بررسی اثرات عمل مدیتیشن متعالیه روی کارکرد مغز و واکنش استرس در دانشجویان
|کد مقاله||سال انتشار||مقاله انگلیسی||ترجمه فارسی||تعداد کلمات|
|31805||2009||7 صفحه PDF||سفارش دهید||محاسبه نشده|
Publisher : Elsevier - Science Direct (الزویر - ساینس دایرکت)
Journal : International Journal of Psychophysiology, Volume 71, Issue 2, February 2009, Pages 170–176
This randomized controlled trial investigated effects of Transcendental Meditation (TM) practice on Brain Integration Scale scores (broadband frontal coherence, power ratios, and preparatory brain responses), electrodermal habituation to 85-dB tones, sleepiness, heart rate, respiratory sinus arrhythmia, and P300 latencies in 50 college students. After pretest, students were randomly assigned to learn TM immediately or learn after the 10-week posttest. There were no significant pretest group differences. A MANOVA of students with complete data (N = 38) yielded significant group vs treatment interactions for Brain Integration Scale scores, sleepiness, and habituation rates (all p < .007). Post hoc analyses revealed significant increases in Brain Integration Scale scores for Immediate-start students but decreases in Delayed-start students; significant reductions in sleepiness in Immediate-start students with no change in Delayed-start students; and no changes in habituation rates in Immediate-start students, but significant increases in Delayed-start students. These data support the value of TM practice for college students.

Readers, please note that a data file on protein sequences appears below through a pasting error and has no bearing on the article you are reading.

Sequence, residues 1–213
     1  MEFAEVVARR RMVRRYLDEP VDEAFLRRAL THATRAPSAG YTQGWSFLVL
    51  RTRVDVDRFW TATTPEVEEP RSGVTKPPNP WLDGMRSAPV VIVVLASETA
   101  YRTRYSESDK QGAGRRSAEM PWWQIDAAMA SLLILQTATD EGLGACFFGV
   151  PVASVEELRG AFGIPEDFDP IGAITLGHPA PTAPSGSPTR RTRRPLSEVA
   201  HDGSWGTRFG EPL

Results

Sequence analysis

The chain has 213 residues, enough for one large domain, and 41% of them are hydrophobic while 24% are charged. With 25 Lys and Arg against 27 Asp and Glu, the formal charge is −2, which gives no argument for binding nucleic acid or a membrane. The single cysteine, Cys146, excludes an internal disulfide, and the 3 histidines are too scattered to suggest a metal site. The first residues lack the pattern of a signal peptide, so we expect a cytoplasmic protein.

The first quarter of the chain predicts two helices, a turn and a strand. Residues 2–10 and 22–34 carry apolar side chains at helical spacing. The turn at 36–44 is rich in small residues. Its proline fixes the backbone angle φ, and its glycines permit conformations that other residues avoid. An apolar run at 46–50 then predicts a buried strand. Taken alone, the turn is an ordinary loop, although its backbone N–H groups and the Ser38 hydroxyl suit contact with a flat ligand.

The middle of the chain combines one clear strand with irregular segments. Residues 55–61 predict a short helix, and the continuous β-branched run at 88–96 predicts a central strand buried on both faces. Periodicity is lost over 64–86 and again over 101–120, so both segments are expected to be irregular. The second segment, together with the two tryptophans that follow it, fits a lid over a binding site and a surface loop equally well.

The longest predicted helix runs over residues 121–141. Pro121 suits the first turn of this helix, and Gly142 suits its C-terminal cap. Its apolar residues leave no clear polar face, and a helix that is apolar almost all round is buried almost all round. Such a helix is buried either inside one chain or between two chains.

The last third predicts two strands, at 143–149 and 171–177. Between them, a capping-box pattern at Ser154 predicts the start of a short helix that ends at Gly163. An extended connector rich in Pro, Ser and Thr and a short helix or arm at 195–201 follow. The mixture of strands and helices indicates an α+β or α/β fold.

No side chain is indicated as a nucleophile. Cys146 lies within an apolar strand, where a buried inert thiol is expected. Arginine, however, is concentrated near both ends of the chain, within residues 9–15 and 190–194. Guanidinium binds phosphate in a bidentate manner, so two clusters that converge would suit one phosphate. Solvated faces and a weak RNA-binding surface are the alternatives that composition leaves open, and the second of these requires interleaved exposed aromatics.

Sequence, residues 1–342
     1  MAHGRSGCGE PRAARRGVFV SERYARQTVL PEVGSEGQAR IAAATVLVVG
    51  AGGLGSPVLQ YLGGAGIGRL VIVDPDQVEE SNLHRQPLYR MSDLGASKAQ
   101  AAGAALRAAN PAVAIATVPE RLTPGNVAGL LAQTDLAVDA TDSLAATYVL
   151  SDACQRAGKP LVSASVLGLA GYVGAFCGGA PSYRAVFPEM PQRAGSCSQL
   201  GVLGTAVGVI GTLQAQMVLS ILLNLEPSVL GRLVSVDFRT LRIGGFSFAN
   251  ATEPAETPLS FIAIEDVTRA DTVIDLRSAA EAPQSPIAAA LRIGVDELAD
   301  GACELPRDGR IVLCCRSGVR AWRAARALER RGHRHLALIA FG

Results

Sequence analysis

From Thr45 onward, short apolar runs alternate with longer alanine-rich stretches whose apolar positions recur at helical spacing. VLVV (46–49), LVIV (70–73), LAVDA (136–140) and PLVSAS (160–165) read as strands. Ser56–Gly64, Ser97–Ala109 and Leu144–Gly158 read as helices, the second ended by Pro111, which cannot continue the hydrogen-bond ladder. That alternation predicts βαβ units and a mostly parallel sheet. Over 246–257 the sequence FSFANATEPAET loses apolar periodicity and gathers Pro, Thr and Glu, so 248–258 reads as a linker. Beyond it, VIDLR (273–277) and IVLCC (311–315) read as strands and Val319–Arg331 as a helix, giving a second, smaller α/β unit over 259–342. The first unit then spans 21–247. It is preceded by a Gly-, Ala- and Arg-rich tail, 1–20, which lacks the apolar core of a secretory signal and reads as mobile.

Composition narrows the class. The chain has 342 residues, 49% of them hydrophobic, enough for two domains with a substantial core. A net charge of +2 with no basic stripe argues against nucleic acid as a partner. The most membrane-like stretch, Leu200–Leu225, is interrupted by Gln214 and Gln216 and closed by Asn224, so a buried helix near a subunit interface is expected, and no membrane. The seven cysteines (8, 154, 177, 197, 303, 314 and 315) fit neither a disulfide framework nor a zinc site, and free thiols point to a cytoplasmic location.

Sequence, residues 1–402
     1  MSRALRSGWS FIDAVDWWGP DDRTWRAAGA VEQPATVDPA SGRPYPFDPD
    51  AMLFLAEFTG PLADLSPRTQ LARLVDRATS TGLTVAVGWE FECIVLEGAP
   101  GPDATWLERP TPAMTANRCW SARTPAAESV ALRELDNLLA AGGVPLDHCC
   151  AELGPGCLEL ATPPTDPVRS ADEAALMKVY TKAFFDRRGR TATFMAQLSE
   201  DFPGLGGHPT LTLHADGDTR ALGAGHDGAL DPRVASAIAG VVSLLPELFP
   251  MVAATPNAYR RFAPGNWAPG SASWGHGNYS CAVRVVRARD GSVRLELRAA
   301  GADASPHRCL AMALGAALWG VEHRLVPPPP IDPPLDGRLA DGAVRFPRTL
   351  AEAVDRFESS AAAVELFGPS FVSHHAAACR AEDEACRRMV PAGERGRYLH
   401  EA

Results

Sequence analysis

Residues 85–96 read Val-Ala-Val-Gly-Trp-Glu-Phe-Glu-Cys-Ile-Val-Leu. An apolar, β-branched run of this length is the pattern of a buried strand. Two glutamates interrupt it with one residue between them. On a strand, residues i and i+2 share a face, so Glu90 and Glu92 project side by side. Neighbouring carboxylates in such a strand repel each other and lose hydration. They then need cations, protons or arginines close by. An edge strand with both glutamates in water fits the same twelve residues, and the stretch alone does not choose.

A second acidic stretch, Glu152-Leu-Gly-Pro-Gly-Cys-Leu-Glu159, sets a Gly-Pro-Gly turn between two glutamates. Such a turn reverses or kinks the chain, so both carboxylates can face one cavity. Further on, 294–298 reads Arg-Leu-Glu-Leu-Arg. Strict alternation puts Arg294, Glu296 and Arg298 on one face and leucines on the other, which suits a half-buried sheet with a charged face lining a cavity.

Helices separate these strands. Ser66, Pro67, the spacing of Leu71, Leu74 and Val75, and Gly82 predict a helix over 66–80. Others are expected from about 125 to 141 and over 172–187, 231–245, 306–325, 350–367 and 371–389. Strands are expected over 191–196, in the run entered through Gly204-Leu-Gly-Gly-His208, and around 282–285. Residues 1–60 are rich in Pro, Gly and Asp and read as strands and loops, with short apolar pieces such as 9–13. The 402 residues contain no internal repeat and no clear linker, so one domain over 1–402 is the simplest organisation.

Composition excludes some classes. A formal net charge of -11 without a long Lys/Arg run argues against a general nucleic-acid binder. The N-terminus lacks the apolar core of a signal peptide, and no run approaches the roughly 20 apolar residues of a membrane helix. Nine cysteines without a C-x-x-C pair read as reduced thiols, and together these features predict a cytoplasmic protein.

Experience-related cortical plasticity was first identified during critical periods of development (von Senden, 1960 and Hubel and Weisel, 1977), but now has been reported across the lifespan (Donoghue, 1995, Elbert et al., 1995, Buonomano and Merzenich, 1998, Merzenich, 1998 and Maguire et al., 2006). Cortical plasticity explains learning (LeDoux, 2002 and Zull, 2002). Synaptic connections are strengthened when students learn new facts, skills, and procedures (Mochizuki-Kawai et al., 2006). Other experiences in college—high pressure, interrupted sleep, and alcohol and drug use—also leave their mark on brain functioning and behavior (Arnedt et al., 2005 and Zeigler et al., 2005). Under high stress, the brain “downshifts” to a stimulus/response mode (Caine and Caine, 1991). Stress results in elevated sympathetic reactivity (Weekes et al., 2006), which can interrupt sleep causing excessive daytime sleepiness (Buboltz et al., 2001 and Moo-Estrella et al., 2005) and cognitive deteriorations (Lee et al., 2003). High psychosocial stress causes brain regions involved in memory and emotions, such as the hippocampus, amygdala, and prefrontal cortex, to undergo structural remodeling, with the result that memory is impaired and anxiety and aggression are increased (McEwen, 1998, McEwen, 2006a and McEwen, 2006b). The stress response is a normal response to prepare for emergency situations. However, if the system is not allowed to recover from stressful experiences, then the body becomes sensitized to stress (McEwen, 2004). The stress response may not turn off or it may get triggered by mild experiences (McEwen, 2006a and McEwen, 2006b). Transcendental Meditation®1 practice is reported to decrease effects of previous stressful experiences and to help an individual function better in stressful situations. Transcendental Meditation practice is characterized by 1) lower sympathetic tone (Dillbeck and Orme-Johnson, 1987); 2) higher parasympathetic tone, as reflected in amplitude of the high frequency component of heart rate variability, also called respiratory sinus arrhythmia (Travis, 2001); and 3) higher levels of frontal EEG alpha coherence (8–12 Hz) (Dillbeck and Bronson, 1981, Gaylord et al., 1989, Travis, 2002 and Travis et al., 2002) and frontal-parietal phase synchrony (Hebert et al., 2005). Simultaneous recording of EEG and MEG during Transcendental Meditation practice found that higher frontal and central scalp recorded alpha EEG activity is associated with MEG source location in medial frontal and anterior cingulate cortices (Yamamoto et al., 2006). These physiological changes during Transcendental Meditation practice are associated with improvements in psychological functioning. A matched longitudinal study reported increases in Cattell Culture Fair IQ scores in college students after two years Transcendental Meditation practice (Cranson et al., 1991), and a random assignment longitudinal study reported increases in multiple measures of intelligence—Cattell Culture Fair IQ, practical intelligence, creativity, field independence and inspection time—after one year Transcendental Meditation practice (So and Orme-Johnson, 2001). A matched design reported greater flexibility in concept learning in college students (Dillbeck, 1982) and faster P300 latency in elderly participants (Goddard, 1989). A meta-analysis of 141 studies reported larger effect sizes for reduction of anxiety through Transcendental Meditation practice compared to other traditional meditation and clinical relaxation responses (Eppley et al., 1989). Another meta-analysis of 101 studies reported larger effect sizes for increases in self-actualization with Transcendental Meditation practice (Alexander et al., 1991). Transcendental Meditation practice is also reported to result in improved health. A series of randomized controlled trials on the effects Transcendental Meditation practice on prevention and treatment of cardiac heart disease in multi-ethnic groups reported reductions in hypertension, atherosclerosis, left ventricular mass, and CHD morbidity and mortality in high-risk multi-ethnic populations practicing the Transcendental Meditation program, compared to controls (Schneider et al., 1995, Alexander et al., 1996 and Castillo-Richmond et al., 2000). Transcendental Meditation (TM) practice also changes brain patterns during challenging cognitive tasks after the meditation session. Nine brain measures including broadband inter- and intrahemispheric coherence (alpha: 8–12 Hz, beta: 12.5–20 Hz, and gamma: 20.5–50 Hz), broadband absolute and relative power, power ratios (alpha/beta and alpha/gamma), and cortical preparatory responses (contingent negative variation) were derived from EEG recorded during simple and choice reaction time tasks in 17 non-TM, 17 short-term (7.1 yrs TM) and 17 long-term TM participants (24.2 yrs TM). Of these nine brain measures, three measures were entered in a multiple discriminate analysis of group differences: 1) higher broad-band frontal (F3–F4) coherence (alpha, beta, and gamma), 2) higher alpha/beta absolute power ratios, and 3) better match between task demands and brain preparatory response (Travis et al., 2000, Travis et al., 2002 and Travis, 2002). These empirically identified measures were converted to z-scores and combined to form a scale. This scale was called a “Brain Integration Scale” ( Travis et al., 2002). The Brain Integration Scale derived its name from the long-term TM participants in this research, who reported the permanent integration of deep meditation experiences with waking, sleeping and dreaming states. Also, this name was chosen because EEG frontal coherence, which was the first variable entered in the multiple discriminate analysis, reflects structural and functional connectivity between brain areas (Thatcher et al., 1986). Brain Integration Scale scores in these participants positively correlated with emotional stability, moral reasoning, and inner directedness, and negatively correlated with anxiety (Travis et al., 2004). Also, Brain Integration Scale scores were significantly higher in top-level managers compared to middle-level managers (Travis et al., in press). Thus, the Brain Integration Scale appears to tap brain patterns important for success in life. Reported effects of Transcendental Meditation practice on psychological and physiological functioning could be beneficial for students and help them manage the stressful experiences of college. The current study uses a random-assignment clinical-trial design with pretest and 10-week posttest to investigate effects of Transcendental Meditation practice on brain functioning, autonomic reactivity, heart rate, sleepiness, and speed of processing. The study hypotheses were that participants randomly assigned to learn the Transcendental Meditation technique, compared to wait-listed controls, would 1) increase in Brain Integration Scale scores; 2) increase in parasympathetic tone as measured by the amplitude of respiratory sinus arrhythmia during paced breathing; 3) decrease in sympathetic reactivity as measured by faster habituation rates to an 85-dB tone; 4) decrease in heart rate; 5) decrease in sleepiness levels as measured by Epworth Sleepiness Scale; and 6) have faster brain response times, as measured by shorter P300 latencies to novel stimuli.